We can’t think about this stuff every day. That would be paralyzing in a way. Then again, that’s the whole point of the your-life-changes-after-you-get-the-news storyline – hardly anyone young-ish sees death coming. Saturday’s concert was a good reminder.
I mean, if a guy with terminal brain cancer can hit the road with the band one more time, travel the country and give it his all every night in the name of art and performance and duty, surely I can get that undone project completed. Right?
I’m just going to leave this here, as a kind of in-public to-do list.
Musicians In Jackson: This is my ongoing, maybe-soon next project, featuring musicians in my community. Still stewing on this one, but getting closer to getting started.
Artists In Jackson – part two!
Some smaller, more personal portrait shoots with friends and family. Go somewhere interesting, and just make photographs. I have a few offers out there.
Something here on the University of Michigan campus. I thought about setting up a tripod and asking people on the Diag to stop and get their photo, and see what I can get. There’s so many people here – there has to be something fun I could do.
A documentary project highlighting something going on in Jackson. Maybe longer form, maybe one-off, but the idea would be to follow a story from beginning to end.
A zombie/horror movie conceptual photo shoot, with costumes and locations and makeup and all that. I’ve had this one in mind, totally for fun, for a long time. I bet I have some friends who would totally be up for it.
We can never capture everything. But seeing at all times, under any circumstances, is entirely up to us. And for this we don’t need the best camera money can buy or the most expensive lens on the market…we just need awareness.
My brain is full of missed shots.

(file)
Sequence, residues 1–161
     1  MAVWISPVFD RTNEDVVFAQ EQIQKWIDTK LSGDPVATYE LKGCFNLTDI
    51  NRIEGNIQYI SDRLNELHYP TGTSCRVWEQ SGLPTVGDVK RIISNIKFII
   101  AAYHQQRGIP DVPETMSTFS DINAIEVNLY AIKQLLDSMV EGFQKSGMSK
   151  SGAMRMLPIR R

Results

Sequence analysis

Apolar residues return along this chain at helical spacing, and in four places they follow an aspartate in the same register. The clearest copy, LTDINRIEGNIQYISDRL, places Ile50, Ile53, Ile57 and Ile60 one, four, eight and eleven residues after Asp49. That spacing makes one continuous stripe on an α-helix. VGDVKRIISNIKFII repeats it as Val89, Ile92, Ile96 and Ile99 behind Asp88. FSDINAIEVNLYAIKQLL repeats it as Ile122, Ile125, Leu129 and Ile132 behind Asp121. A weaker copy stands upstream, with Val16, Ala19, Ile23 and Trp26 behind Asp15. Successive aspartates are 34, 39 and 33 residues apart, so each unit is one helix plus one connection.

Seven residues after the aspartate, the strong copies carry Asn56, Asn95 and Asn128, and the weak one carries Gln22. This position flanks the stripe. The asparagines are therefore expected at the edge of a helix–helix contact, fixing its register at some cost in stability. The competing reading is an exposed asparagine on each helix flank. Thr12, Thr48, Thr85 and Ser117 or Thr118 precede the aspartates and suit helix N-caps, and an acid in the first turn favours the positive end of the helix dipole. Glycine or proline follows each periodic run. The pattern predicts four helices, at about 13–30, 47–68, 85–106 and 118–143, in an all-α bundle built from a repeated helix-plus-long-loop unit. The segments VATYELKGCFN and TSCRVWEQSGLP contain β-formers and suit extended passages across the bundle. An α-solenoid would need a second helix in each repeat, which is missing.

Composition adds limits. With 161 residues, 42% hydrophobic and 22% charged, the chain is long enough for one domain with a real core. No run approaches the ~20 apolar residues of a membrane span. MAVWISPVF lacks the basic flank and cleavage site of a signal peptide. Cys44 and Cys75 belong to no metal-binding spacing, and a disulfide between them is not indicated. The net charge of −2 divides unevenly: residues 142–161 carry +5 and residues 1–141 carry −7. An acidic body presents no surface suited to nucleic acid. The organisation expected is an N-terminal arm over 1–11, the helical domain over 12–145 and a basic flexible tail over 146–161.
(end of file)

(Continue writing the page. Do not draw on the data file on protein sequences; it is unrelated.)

I remember driving through the upper peninsula of Michigan and passing by an abandoned train sitting next to a pond. It would have made for a great photograph. I hesitated, because to pull over and grab the shot would’ve been something, but I was traveling at a good pace and didn’t feel like stopping. That shot haunts me.
There’s a collection of these shots in my brain, and I add new ones all the time. Maybe it’s as LaRoque says: it’s mostly in the seeing. I’ll remember these scenes in the camera of my mind. The important skill is to recognize new opportunities when they come up.
Or I’ll head back to the spot, and take the shot I missed.
Last week I visited the Detroit Institute of Art to check out The Open Road exhibition, a fantastic collection of photography road trips by some of the great photographers. It was right up my alley (so much so that I bought the accompanying book).
It got me thinking: What if I had been into photography, like I am now, back when I took my country-crossing road trips?
Surely I could have made some sort of project or publication out of my Route 66 trip, or my New England trip, or any of the other big road trips I took in my 20s and early 30s. I went on some pretty great adventures, and I took lots of photos, but I wasn’t into photography. I didn’t have the eye I do today.
A book is an enclosed and encapsulated medium that you can actually come pretty damn close to perfecting. I also tend to think that the book is sometimes more important than the show, as the exhibit is a temporary thing, often hanging for a month or six weeks and then it goes away.
Maybe a couple of thousand people see it?
But a book is something that I always say is on your “permanent record” and it never ever goes away—so you better get it right!
He also highlights the importance of playing around with the physical layout of a photo book:
As far as putting together the books, I spend hundred & hundreds of hours shuffling around my photographs, making dummies, turning pages, and switching them around and all that. To me that is really the only way to do it, to print the pictures out, paste them in a physical blank book dummy, and turn the pages.
For my Artists In Jackson book, I didn’t quite know what the layout was going to look like. So I printed a bunch of horizontal and portrait-shaped squares, taped them to pages, and moved them around to see how the look and flow would go. It was super helpful to see the book take shape, even if only in the abstract.
It also helps to give it to someone you trust, and ask, “What do you think?”
Luckily, my workplace is centrally located at the University, so branching out on my lunch hour is easy to do.
That’s what I do, usually, on my lunch hours now. I wander, and explore, and try to find a spot I haven’t seen before. It’s hard, because I’ve been here so many times, and walked around so much.
For one, it’s a great way to get some exercise on a beautiful summer day. For two, it really is a lovely campus.
And three, as I’ve mentioned, it’s how I explore. Grab a camera, lace up the walking shoes, and hit the road. Chicken out at asking people to take their portrait. Find little slants of light. Remember to look up at the architecture.
Until time runs out, and I head back to the office.